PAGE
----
The EAT has upheld a tribunal’s decision that an employee was unfairly dismissed for some other substantial reason but that it was appropriate to reduce the level of compensation awarded. The facts of Anderson v Chesterfield High School are somewhat unusual, in that it concerned the employment of a local government politician by a publicly-funded local school. The individual was not undertaking any work for the school due to his local government duties, but was continuing to receive paid time-off from his employment. However, when he was elected Mayor of Liverpool, a full time, executive post, the school reassessed his position and he was dismissed.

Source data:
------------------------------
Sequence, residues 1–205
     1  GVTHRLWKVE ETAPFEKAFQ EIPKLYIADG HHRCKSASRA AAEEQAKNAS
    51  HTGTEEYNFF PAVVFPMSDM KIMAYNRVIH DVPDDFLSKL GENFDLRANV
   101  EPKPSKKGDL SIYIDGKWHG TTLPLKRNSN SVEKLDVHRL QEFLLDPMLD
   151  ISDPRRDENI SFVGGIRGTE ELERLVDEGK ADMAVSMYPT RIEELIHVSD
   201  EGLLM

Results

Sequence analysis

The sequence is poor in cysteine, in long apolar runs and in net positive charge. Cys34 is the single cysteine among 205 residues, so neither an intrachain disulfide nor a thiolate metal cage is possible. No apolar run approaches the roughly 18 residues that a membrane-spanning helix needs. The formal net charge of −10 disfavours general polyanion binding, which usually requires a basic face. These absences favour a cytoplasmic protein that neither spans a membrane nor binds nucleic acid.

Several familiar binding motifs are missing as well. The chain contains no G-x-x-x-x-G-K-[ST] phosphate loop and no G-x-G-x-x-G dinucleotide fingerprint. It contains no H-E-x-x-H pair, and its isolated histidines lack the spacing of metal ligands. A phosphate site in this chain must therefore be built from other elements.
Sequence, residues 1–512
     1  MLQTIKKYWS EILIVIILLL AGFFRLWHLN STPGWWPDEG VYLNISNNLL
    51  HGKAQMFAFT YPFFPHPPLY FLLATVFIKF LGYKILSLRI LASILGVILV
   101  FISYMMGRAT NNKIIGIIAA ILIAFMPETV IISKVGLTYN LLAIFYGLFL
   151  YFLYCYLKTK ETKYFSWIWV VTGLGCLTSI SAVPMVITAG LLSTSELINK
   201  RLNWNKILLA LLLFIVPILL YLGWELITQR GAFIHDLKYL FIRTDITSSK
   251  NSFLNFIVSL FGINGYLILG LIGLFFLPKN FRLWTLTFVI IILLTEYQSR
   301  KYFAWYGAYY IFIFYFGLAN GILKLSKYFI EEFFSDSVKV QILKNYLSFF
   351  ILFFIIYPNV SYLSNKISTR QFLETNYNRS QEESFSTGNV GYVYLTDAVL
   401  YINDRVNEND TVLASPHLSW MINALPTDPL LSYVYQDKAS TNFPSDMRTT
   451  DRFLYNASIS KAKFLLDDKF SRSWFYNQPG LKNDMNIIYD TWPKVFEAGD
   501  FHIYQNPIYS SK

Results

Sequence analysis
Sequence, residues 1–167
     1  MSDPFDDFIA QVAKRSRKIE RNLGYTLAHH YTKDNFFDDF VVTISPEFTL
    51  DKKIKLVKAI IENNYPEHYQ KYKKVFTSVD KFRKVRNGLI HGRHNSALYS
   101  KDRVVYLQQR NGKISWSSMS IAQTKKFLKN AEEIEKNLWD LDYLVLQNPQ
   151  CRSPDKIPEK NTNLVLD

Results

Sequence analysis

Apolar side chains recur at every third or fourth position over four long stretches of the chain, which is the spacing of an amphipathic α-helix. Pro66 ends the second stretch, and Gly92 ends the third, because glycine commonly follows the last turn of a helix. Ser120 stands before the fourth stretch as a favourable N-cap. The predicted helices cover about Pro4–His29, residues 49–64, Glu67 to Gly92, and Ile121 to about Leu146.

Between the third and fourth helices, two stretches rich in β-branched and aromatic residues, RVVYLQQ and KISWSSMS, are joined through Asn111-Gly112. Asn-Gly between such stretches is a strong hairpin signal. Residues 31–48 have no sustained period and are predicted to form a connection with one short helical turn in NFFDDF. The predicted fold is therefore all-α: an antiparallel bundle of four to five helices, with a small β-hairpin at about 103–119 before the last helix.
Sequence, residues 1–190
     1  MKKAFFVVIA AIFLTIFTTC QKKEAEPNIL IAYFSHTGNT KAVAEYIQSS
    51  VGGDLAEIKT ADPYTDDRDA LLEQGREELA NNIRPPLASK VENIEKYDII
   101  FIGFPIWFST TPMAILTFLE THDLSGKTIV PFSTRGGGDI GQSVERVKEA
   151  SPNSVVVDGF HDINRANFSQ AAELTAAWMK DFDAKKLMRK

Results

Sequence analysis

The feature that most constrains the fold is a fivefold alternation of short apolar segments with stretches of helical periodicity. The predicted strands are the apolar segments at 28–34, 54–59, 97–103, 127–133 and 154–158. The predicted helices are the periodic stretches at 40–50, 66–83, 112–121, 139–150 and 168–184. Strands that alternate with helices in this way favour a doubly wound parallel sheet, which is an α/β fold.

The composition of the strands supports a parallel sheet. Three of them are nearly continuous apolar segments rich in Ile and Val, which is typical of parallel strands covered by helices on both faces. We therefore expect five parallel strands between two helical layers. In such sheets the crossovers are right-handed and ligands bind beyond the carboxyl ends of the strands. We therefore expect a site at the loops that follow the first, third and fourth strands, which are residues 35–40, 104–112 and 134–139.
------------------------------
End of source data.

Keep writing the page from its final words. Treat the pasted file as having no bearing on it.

The EAT (upholding the tribunal’s decision) found that although the governors had a fair reason to terminate the Mayor’s employment, they failed to follow any procedure in doing so. The dismissal was therefore unfair. However, the compensatory award was reduced by 100% on the basis that even if a fair procedure had been followed, he would have been dismissed in any event. Further, a 25% discount to the basic award was also justified on the grounds of contributory fault given the Mayor’s failure to keep the school informed about his running for office so they could consider its impact on his employment. Unusually, when reducing the compensatory award, no allowance was made for the time it would have taken to follow a fair dismissal procedure. This is likely to reflect the finding that the Mayor’s conduct in continuing to receive public money for the role despite providing no services was “blameworthy”.